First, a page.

My 2021 cherry blossom travels aren’t over, although—and I never thought I’d say this—I’m glad they’re on pause for a couple weeks. Having to wait in line to take a photo will do that to you, even if it’s a photo of Mt. Fuji behind a pagoda surrounded by sakura no ki.
On the other hand, I’ve decided to spend this pause visiting Hitachi Seaside Park, home of Japan’s famous, rolling fields of periwinkle nemophila flowers, which is arguably as Insta-famous as Churei-to. As I drove toward the entrance to the park last Thursday morning, the parking lot overflowing in spite of it being a weekday, I wondered if I hadn’t done the old frying pan-fire jump.
But I’m getting ahead of myself.
This trip, although ostensibly about visiting the Hitachi blue flowers at long last, also represented another milestone: My first visit to Ibaraki, which has the unfortunate distinction of being Japan’s least attractive prefecture, according to national public opinion polls.
As for me, I’m on the fence. While I found the center of Mito (the prefectural capital) to be run-down, drab and at least three decades out of date, it did have some redeeming factors. Namely the fluorescent azalea bushes at Kairaku-en, which along with Kanazawa’s Kenrokuen-en and Okayama’s Koraku-en is one of the top three landscape gardens in Japan, according to public opinion. (The same public, I assume, that so savages Ibaraki-ken year after year—but I digress.)
Ibaraki, at least what I saw of it from spending a night and morning in Mito, is neither as bad as people say, nor good enough to do more than use it as a base for your Hitachi adventure.
After renting a car and leaving behind the city center, which was proudly decked out in “Tokyo 2020” paraphernalia so weathered I imagine it’s been up since before the postponement, I drove around 20 kilometers. This took nearly an hour because of Japan’s slow speed limits, and even slower drivers.
But now is not the time to complain: We’re back to where this essay started, which for all the hype about Ibaraki’s apparent ugliness, is one of the most gorgeous places I’ve been in Japan.
Likewise, while the queue just before opening was longer than I expected or hoped, most of the people in front of me were old and/or slow. I arrived to Miharashi-no-oka, where most of the nemophila are planted, and had at least 15 minutes of photo time mostly to myself, before the throngs of tourists (and their children and dogs, the latter of which traveled more often in strollers than the former) invaded.
Past that point—the invasion I mean—things mostly melded together, albeit not in an entirely bad way. By that time, to be sure, I’d more than found my photography groove for the day.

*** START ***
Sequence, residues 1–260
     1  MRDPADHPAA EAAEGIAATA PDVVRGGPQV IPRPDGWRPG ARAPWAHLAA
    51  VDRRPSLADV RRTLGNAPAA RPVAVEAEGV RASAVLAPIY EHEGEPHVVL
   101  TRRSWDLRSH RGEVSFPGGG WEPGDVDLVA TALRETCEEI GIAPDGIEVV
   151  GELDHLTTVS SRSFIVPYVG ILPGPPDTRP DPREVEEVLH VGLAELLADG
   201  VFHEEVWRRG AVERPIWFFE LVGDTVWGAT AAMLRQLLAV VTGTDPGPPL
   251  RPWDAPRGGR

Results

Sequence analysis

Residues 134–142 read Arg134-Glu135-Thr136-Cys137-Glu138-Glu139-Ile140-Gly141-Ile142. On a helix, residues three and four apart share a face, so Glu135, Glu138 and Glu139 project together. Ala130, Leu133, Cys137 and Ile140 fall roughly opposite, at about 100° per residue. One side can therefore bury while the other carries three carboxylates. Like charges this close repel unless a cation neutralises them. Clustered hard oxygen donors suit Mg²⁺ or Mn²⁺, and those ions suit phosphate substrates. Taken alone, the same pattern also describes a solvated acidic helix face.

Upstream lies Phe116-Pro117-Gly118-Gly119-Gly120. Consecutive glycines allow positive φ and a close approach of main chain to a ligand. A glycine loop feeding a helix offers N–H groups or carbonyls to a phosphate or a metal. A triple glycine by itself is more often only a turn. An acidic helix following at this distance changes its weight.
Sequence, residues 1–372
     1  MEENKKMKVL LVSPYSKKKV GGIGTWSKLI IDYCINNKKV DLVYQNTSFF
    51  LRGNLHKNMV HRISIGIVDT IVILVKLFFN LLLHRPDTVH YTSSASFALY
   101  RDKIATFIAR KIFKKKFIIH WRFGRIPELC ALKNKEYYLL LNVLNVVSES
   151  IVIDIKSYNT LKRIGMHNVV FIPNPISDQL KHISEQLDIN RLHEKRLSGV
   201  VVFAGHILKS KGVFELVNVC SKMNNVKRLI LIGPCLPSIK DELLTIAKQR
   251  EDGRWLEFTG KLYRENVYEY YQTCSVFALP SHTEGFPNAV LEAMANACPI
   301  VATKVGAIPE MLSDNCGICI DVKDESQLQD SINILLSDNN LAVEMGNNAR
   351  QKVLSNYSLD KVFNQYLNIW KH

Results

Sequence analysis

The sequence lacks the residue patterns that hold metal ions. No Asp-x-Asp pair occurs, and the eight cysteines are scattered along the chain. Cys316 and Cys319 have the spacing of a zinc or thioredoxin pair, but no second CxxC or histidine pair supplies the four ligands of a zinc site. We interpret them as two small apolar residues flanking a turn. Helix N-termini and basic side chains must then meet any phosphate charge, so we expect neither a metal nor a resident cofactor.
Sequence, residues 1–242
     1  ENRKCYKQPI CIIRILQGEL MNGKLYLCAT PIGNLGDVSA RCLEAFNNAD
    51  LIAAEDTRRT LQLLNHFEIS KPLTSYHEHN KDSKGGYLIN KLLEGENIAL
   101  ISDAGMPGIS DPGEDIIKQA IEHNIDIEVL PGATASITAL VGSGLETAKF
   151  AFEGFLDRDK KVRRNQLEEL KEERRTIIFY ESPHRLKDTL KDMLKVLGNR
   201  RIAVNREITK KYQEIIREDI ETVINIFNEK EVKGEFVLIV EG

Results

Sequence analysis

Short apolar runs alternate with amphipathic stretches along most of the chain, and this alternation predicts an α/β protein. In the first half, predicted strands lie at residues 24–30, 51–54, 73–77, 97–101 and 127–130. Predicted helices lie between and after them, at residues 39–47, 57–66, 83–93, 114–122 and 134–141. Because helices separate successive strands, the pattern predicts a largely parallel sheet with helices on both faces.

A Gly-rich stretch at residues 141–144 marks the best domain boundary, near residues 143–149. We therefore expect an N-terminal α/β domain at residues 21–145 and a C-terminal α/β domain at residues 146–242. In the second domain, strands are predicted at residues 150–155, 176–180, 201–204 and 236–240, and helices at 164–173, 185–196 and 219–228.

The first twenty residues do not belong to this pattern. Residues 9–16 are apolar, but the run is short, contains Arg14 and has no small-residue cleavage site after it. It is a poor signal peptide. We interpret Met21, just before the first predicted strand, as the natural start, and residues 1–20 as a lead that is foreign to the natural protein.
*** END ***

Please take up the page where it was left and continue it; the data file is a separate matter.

Plus, I was far ahead of the crowd. I’d met all my own creative expectations atop the proverbial hill and was back at ground level, just behind an unexpected field of golden rapeseed flowers, by the time the human beings in attendance reached a truly obnoxious level. At that point, I was far enough away that their critical concentration seemed mesmerizing, rather than maddening.
I finished around two hours after I began; I had two hours left with my rental car. Although I initially considered returning it early, I instead decided to be ambitious: A trip to Ushiku Buddha, in spite of this year’s early sakura bloom having fully completed its cycle before the site’s shibazakura phlox even began blooming, seemed just what the doctor ordered.
It did end up being a fitting end to my beautiful day, although the number of planes taking off or landing during my time there—only one—seemed strange, given how close to Narita Airport it is.
Like the standing Buddha itself, I tried to stay grounded in the present moment, and mindful that the pain I felt about the continued stasis of the world would necessitate suffering only if I allowed it to do so. The skies will be full again one day; nothing last forever, not even purgatory.
Speeding away from Ibaraki, which I’m glad I enjoyed as much as I did but also wish I’d loved more, I’m trying less to obsess about the point when my bright future—our bright future—will come over the horizon, and more about willing it into existence from where I am—where we are—right now.
I see a crowded ocean park with hundreds of thousands of blue flowers, a veritable second sea along the Pacific. I hear many languages being spoken. I smell the salt of the waves lapping just offshore. I taste funky blue ice cream flavored with club soda, of all things.
I feel it in my bones—this will be over soon.
Other FAQ About Hitachi Seaside Park
What flowers are in Hitachi Seaside Park?
The famous blue flowers at Hitachi Seaside Park are nemophila, colloquially known as “baby blue eyes.” However, many other flowers bloom in Hitachi Seaside Park throughout the year. If you are unable to see the nemophila in mid-to-late April, a trip here anytime of year is worthwhile and fulfilling.
What country is Hitachi Seaside Park?
Hitachi Seaside Park is located in Japan. Specifically it is located in Ibaraki, a prefecture just north of Tokyo that is generally not known as one of the most attraction or popular places in Japan. If you happen to be spending time in Tokyo, a day trip to Hitachi Seaside Park can be a fulfilling use of your time.
How to go Hitachi Seaside Park?
To reach Hitachi Seaside Park, ride a Joban Line Limited Express train from Tokyo to Mito, then take a local train to Hitachinaka Station. From here, regular buses depart to the gates of Hitachi Seaside Park, assuming you don’t just walk. Alternatively, you could rent a car and drive from Tokyo or Mito to Hitachi Seaside Park, depending upon what else you want to see nearby.